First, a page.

PHILLIPS, MORGAN WALTER (1902 - 1963), general secretary of the Labour Party

Name: Morgan Walter Phillips
Date of birth: 1902
Date of death: 1963
Spouse: Norah Mary Phillips (née Lusher)
Parent: William Phillips
Gender: Male
Occupation: general secretary of the Labour Party
Area of activity: Politics, Government and Political Movements
Author: Mary Auronwy James

Born in Aberdare, Glamorganshire, 18 June 1902, one of the six children of William Phillips, but he was brought up in Bargoed, Glamorganshire. He left school when he was 12 years old to become a colliery surface worker. When he was 18 years old he became a member of the Caerphilly divisional Labour Party, secretary of the party in Bargoed, 1923-25, and chairman of the Bargoed Steam Coal Lodge, 1924-26. After attending a two-year course in economic and social subjects at the Labour College, London, he became secretary of the Labour party in West Fulham, 1928-30, and later in Whitechapel, 1934-37. He also gained experience in local government as a member of the Fulham borough council, 1934-37. In 1937 he went to the party headquarters at Transport House as propaganda officer, being appointed secretary of the party's research department in 1941. As an able organizer, quick and unambiguous in his decisions, he soon rose to become secretary of the party, and general secretary in 1960. He was virtually the architect of the surge in the party's fortunes which resulted in six years of Labour government. Nevertheless, his organization tended to be blamed for the defeat in the 1955 general election. Despite the defeat of the Labour Party in 1959 his own reputation rose. His daily press conferences were one of the outstanding successes of the election. With an understanding of journalists, as of most classes of people with whom he came in contact, he answered questions with admirable conciseness. He kept the Labour Party from crumbling completely after the election by presenting a clear analysis of what had happened and constructive proposals for the future, many of which are included in his paper, Labour in the Sixties (1960). He also published East meets West (1954) and various political and economic pamphlets.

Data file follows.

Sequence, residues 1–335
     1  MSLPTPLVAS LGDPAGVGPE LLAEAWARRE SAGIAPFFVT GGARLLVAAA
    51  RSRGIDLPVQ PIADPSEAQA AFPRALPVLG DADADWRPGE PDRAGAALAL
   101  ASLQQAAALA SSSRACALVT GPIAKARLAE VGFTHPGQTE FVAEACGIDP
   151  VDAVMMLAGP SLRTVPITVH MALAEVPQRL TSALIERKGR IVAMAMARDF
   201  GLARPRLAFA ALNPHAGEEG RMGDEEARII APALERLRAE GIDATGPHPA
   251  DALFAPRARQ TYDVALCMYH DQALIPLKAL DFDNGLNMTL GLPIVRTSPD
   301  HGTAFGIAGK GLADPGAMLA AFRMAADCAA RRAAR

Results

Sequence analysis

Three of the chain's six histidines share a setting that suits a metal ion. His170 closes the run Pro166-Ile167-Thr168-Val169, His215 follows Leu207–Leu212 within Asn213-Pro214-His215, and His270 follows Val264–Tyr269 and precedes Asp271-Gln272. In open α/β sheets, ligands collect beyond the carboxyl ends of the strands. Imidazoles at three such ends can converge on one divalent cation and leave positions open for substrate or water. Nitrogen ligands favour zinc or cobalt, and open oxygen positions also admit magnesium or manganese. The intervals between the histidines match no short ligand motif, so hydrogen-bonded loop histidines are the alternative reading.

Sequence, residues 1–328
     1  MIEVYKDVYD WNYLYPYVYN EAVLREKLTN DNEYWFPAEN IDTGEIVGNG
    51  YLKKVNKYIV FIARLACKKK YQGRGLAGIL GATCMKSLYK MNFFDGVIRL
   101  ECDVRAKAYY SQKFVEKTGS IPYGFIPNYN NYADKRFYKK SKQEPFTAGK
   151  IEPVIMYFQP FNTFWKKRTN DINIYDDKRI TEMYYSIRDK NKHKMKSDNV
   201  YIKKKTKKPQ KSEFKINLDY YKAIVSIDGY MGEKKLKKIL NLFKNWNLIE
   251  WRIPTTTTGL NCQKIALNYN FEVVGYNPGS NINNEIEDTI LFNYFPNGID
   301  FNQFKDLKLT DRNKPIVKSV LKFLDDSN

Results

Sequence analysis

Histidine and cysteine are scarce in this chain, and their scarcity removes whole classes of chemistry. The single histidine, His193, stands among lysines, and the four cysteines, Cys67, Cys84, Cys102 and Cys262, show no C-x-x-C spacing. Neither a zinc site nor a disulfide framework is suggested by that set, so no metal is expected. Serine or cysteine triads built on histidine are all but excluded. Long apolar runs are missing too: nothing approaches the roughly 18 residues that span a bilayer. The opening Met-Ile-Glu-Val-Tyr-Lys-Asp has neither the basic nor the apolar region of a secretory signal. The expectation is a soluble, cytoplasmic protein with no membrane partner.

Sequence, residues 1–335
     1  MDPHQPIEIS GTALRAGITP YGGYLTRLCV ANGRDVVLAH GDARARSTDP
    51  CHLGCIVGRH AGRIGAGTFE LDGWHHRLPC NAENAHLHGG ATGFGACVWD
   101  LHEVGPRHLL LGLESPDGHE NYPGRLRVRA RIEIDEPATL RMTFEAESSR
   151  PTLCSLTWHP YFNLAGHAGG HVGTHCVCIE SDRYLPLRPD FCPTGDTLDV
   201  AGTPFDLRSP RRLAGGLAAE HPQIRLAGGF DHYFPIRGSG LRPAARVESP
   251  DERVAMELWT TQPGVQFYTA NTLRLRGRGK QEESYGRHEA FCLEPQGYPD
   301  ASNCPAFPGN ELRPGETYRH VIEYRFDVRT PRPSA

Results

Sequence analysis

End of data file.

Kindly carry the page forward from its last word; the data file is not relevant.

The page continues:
As one of the great international figures of the Labour movement he presided over a succession of conferences called by the International Socialist Committee from 1944 onwards and was chairman of the Socialist International from its formation in 1948 until he resigned in 1957. He was at the height of his career when he suffered a stroke in August 1960, and had to retire a year later. He married Norah Lusher in 1930 and they had a son and daughter. He died 15 January 1963 in London.

Author

Published date: 2001

Article Copyright: http://rightsstatements.org/page/InC/1.0/